Thursday, May 5, 2016

How the GOP Is Eating Itself: A Primer

Andrew O'Hehir: Dems "face a version of the same crisis."
The perceptive and often funny Andrew O'Hehir has written a lively, revealing Salon essay about the future/past of the Republican party that is worth your time. Here are a few choice samples from the essay, which is here.

"I don’t actually think that what has happened to the Republican Party is good for America or for politics, and I have repeatedly argued that the Democratic Party faces a version of the same crisis, more politely and in slow motion."

Trump "represents the murderous, odious but in many ways understandable lust for revenge on the part of those who’ve been relentlessly crapped on from above. ... The dark political wizards of the Republican Party have bred and nurtured the Trump demographic, and now they’re shocked that it’s grown up into a carnivorous flower that has snaked its way to the rear to bite them in the capacious collective ass."

Trump's voters "are less interested in governing the country than in ventilating their rage and 'fucking shit up,' to use the vernacular."

" ...  few will actually jump ship and support Hillary Clinton. (Who is, and I’ll say this just once, closer to being a conventional Republican than Trump is.)"

If there was a turning point ... it came with the shocking primary defeat of House Majority Leader Eric Cantor [of Richmond] in 2014, a rising conservative star in a safe Republican seat dethroned by a hard-right upstart."

"Census Bureau numbers suggest that of the 47 million or so Americans who live below the poverty line, roughly 20 million are white. Millions more working-class whites outside the big cities live above the poverty line under precarious paycheck-to-paycheck circumstances, amid a pervasive atmosphere of downward mobility and lost opportunity. If those people feel abused or ignored, and believe they lack effective advocates, it’s because they have been and they do."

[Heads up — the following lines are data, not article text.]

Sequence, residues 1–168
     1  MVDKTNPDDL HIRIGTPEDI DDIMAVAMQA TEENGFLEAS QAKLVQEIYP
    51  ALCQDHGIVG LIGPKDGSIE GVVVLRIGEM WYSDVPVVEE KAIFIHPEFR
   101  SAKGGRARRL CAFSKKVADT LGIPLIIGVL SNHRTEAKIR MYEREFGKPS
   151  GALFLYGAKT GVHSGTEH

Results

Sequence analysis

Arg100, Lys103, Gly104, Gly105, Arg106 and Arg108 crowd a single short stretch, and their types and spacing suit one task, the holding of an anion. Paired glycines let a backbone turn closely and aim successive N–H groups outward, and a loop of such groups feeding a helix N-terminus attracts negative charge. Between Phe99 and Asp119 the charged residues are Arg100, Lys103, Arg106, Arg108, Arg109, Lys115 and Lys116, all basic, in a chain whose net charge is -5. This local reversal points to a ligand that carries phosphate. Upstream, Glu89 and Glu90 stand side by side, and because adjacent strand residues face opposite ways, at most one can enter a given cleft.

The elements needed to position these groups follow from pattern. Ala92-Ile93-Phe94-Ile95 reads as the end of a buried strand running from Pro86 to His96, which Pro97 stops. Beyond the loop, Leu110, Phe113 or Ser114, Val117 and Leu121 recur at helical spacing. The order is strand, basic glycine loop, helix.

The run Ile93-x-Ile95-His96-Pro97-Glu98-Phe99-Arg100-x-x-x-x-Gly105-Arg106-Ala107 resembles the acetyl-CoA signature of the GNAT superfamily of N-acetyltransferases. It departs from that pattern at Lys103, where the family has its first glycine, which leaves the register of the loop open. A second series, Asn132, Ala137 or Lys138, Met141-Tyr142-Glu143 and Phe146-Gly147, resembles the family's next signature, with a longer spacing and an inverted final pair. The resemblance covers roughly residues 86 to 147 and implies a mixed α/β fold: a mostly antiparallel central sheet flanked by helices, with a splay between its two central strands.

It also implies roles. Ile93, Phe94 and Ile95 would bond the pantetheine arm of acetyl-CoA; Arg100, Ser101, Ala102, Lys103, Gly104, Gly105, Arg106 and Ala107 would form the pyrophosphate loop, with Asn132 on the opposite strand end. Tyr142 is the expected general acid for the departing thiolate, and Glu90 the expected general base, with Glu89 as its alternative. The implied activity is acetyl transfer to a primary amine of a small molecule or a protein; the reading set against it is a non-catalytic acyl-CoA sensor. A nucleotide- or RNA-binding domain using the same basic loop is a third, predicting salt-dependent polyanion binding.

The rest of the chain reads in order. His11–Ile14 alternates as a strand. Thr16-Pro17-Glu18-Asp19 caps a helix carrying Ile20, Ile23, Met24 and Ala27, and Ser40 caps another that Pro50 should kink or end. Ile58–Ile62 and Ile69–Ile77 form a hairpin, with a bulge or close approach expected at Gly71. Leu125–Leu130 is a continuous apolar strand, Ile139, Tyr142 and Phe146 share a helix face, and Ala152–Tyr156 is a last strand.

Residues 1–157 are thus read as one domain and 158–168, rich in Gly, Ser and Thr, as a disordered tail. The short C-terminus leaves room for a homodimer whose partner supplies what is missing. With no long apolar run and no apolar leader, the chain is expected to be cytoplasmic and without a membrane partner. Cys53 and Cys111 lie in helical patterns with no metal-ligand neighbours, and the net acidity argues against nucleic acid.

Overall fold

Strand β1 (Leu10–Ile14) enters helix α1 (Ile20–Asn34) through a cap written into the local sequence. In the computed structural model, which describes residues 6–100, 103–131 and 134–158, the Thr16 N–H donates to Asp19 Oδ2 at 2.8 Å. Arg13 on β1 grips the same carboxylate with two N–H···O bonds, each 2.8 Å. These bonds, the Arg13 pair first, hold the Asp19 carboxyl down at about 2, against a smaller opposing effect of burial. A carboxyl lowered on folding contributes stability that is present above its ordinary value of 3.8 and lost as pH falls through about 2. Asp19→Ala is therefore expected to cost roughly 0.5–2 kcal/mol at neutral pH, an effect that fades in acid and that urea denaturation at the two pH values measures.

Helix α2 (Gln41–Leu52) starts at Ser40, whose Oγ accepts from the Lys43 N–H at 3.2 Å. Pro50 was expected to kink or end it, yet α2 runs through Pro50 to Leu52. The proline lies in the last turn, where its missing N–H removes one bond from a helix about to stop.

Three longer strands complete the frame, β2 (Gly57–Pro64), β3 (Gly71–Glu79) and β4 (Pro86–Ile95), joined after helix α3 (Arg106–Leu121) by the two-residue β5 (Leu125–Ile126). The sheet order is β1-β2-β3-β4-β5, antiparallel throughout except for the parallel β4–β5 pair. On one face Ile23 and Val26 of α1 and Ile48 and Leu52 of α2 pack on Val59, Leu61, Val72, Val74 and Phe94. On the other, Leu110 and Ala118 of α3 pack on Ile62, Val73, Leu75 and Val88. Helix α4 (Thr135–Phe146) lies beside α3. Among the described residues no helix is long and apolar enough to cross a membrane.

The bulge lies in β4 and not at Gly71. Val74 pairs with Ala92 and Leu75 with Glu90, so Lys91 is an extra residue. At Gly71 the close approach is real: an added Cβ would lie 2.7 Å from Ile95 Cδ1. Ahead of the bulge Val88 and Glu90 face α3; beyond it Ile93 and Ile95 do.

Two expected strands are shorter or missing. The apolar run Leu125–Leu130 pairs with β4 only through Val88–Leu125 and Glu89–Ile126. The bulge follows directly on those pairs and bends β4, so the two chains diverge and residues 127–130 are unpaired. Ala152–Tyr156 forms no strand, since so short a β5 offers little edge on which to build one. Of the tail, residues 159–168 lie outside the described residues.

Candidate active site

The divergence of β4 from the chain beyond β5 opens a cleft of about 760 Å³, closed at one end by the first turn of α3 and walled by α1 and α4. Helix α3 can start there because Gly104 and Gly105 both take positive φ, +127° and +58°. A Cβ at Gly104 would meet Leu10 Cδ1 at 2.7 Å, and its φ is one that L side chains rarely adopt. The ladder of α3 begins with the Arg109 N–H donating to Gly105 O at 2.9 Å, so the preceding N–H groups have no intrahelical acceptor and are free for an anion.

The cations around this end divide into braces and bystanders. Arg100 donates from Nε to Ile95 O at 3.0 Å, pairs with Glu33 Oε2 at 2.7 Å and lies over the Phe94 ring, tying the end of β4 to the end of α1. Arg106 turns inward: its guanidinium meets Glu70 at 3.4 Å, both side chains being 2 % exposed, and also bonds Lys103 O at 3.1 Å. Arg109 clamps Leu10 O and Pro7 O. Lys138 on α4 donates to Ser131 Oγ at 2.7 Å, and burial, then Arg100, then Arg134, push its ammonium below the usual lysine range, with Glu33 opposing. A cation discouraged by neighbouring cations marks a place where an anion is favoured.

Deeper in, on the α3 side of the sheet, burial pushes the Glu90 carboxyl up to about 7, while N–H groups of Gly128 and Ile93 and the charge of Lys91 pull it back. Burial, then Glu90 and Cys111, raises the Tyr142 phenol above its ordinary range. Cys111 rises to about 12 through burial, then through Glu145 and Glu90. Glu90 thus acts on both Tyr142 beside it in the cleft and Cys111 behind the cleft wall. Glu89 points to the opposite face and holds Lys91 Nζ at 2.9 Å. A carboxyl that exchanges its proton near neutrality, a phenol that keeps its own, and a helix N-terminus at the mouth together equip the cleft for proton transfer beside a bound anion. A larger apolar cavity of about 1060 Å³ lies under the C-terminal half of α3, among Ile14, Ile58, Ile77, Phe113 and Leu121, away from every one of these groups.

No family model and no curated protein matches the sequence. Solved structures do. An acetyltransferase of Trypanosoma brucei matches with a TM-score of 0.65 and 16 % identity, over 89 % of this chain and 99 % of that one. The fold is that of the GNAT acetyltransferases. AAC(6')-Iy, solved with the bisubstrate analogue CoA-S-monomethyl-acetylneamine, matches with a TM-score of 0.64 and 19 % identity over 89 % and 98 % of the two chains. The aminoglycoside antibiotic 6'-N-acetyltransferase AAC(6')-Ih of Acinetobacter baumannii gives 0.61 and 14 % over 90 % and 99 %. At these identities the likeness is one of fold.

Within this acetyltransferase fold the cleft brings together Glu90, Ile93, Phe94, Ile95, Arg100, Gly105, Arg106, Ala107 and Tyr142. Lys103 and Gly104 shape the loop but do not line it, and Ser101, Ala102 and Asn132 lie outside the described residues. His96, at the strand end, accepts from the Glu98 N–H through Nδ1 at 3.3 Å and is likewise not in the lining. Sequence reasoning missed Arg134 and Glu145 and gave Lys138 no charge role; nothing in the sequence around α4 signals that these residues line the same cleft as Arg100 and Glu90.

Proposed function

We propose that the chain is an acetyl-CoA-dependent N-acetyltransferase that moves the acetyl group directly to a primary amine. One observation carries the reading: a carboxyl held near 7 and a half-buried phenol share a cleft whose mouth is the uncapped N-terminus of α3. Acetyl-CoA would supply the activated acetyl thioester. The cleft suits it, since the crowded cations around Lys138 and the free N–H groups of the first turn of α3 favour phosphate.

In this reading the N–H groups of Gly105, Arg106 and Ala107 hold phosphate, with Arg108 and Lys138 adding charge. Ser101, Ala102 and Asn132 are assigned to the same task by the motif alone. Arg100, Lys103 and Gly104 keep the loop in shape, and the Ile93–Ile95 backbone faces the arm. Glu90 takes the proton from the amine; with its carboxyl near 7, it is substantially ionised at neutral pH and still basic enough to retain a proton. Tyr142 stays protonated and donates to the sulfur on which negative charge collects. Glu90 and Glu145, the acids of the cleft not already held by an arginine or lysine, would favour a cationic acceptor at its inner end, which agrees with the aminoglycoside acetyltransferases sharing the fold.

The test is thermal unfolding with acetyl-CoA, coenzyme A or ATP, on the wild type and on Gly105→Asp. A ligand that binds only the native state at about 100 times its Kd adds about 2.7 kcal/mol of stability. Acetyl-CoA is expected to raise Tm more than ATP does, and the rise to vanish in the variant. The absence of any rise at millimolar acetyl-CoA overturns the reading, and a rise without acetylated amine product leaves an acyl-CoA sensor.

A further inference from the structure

Republican power brokers "still [have] plenty of money and nice offices, and they’ve baited the Democrats into a pattern of ideological retreat that has won the GOP a hefty share of power in Congress and clear across the middle of the country."

"Or the Republicans could un-tether themselves from racism and xenophobia and a reflexive hatred of government, and build for the future as a moderate pro-business party with vaguely libertarian social policies and an internationalist foreign policy that tries to balance flag-waving machismo with pragmatism. Kasich and Bush would be leading candidates in that party, [but] that party already exists, or very nearly does. It’s about to nominate Hillary Clinton."

No comments:

Post a Comment